Chauffeurs, secretaries and stockbrokers queued beside ticket inspectors and company directors in record numbers yesterday at Liverpool Street railway station's lottery kiosk, the busiest in Britain, to share the chance of scooping the pounds 40m lottery jackpot.
The line of hopeful gamblers snaking into the main concourse never shrank. The largest purchase was pounds 1,000 for a syndicate of City office workers. "The whole thing has gone completely mental in the last few days. Sales are more than double the usual," said a spokeswoman for UK CL Retail, which runs the kiosk.
According to Tony Moss, the kiosk manager, regular players were spending an average pounds 5-pounds 7 on tickets compared to pounds 2 in a normal week. "You can see there are a lot of new people playing by the way they fill out the slips, because there's an art to it," he said.
A number of pinstriped bankers and city directors were also playing the lottery this week, although most proved reluctant to admit it. "I've bought a ticket, but I don't wish to tell you my name," said one head of a management consultancy. "He's the director," hissed his assistant as they departed.
The players were divided over whether the record prize was too high. Robert Harman, 52, a chauffeur in a syndicate of 10, said: "I suppose it should be split, but if someone came up to me with pounds 40m I wouldn't complain."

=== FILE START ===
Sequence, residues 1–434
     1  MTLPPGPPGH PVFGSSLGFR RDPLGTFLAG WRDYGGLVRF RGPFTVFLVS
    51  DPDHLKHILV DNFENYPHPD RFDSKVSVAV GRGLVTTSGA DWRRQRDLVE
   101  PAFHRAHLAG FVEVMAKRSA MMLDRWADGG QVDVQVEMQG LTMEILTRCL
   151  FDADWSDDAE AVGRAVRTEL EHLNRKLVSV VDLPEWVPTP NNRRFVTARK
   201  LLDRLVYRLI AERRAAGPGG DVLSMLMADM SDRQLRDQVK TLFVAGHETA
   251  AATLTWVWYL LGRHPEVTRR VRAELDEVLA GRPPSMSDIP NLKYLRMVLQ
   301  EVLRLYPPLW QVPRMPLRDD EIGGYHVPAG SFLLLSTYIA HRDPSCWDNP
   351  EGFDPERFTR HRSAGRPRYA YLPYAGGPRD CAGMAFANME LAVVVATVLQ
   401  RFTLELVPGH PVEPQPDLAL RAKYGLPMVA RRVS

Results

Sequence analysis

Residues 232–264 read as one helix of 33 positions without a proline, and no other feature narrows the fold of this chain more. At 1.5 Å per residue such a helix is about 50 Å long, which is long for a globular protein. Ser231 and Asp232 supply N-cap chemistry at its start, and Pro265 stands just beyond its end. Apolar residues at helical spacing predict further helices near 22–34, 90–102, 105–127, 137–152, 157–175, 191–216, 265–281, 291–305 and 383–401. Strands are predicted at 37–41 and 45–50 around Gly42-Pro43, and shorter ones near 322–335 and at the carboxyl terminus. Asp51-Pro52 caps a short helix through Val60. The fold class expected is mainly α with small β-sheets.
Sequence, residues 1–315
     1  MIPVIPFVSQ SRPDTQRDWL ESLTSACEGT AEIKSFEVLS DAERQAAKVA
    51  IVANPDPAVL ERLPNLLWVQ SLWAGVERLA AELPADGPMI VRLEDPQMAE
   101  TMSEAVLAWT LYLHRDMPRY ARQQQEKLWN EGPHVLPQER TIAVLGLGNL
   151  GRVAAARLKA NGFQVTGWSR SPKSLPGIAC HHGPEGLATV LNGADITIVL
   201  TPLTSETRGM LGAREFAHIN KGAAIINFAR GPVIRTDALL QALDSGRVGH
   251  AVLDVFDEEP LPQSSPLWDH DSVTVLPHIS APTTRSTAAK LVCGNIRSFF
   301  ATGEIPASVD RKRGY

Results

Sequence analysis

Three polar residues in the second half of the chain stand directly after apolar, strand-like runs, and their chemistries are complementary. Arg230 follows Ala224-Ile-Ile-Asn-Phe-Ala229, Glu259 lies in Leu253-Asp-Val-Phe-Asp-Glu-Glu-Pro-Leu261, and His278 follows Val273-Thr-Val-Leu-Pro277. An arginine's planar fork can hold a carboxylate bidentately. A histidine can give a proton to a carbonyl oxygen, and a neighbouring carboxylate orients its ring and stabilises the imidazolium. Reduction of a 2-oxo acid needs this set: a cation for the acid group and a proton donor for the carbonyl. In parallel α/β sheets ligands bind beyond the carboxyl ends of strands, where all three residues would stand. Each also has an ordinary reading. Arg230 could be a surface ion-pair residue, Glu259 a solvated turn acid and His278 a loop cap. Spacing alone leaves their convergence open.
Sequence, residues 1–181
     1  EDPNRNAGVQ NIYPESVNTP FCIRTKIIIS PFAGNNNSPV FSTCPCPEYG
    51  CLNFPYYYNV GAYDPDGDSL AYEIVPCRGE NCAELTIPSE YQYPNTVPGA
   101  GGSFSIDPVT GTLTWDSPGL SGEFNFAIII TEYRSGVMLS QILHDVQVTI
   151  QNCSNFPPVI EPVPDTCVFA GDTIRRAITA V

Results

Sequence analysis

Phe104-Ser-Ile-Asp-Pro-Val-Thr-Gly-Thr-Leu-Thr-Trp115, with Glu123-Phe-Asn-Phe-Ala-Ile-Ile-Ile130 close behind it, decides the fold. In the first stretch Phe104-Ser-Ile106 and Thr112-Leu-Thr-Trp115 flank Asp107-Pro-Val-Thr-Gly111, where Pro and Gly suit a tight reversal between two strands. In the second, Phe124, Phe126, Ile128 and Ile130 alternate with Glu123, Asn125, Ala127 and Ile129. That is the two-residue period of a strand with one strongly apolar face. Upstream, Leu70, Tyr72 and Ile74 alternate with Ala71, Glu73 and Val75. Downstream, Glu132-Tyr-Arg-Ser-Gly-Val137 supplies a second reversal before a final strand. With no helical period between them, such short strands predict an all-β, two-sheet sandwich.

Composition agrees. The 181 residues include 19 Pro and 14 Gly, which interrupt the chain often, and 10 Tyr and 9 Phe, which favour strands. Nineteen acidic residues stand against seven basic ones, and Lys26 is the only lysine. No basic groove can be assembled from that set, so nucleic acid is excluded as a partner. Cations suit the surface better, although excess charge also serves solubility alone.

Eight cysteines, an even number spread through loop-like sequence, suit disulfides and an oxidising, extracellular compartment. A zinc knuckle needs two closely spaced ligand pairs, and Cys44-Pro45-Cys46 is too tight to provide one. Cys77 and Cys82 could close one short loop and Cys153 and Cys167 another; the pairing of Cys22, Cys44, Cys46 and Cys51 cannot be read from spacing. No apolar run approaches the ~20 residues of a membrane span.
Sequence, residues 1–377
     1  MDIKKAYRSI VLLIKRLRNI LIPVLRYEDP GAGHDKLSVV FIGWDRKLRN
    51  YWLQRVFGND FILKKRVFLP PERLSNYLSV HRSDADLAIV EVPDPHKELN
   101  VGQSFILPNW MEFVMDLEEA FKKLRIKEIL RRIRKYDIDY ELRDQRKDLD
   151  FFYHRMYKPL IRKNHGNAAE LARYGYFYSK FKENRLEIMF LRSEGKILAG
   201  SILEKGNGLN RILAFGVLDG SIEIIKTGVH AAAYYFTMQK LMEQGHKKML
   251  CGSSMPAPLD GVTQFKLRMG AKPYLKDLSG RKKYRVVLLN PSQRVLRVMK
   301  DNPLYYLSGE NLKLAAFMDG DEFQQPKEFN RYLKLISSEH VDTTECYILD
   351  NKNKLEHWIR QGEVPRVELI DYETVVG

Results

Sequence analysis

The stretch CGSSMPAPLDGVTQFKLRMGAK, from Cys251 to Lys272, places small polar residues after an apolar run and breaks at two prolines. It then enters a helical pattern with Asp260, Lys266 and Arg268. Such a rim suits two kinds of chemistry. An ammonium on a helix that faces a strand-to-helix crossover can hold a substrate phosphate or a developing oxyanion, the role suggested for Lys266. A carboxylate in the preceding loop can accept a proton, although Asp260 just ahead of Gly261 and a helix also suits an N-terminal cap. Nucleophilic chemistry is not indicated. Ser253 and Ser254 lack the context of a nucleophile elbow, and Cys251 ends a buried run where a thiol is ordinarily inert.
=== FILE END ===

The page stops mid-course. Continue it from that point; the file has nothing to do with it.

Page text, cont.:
The queues were no less impressive at the other end of Britain, in the Shetland Isles. They began before dawn at Conochies on the High Street, with customers unperturbed by the the wind, rain and darkness. Tom Worthington, the manager, said sales were up more than 50 per cent and regular customers, including fishermen, oil workers and sheep farmers, were doubling their normal spend on tickets from pounds 2 to pounds 4.
The highest prize paid out on a ticket so far at Conochies is pounds 97,000, and Mr Worthington said the shop was ready to provide a jackpot winner, although he said it would be impossible for anyone to keep it a secret on the island.
The frenzy for tickets was intensified because the shop was closed until Tuesday because of the snow. "It's been non-stop,"Mr Worthington said.
"The bottom line is, irrespective of what they say, everyone wants to win the big prize. We're not interested in the morality of it. There's a big pot and everyone wants it."Reuse content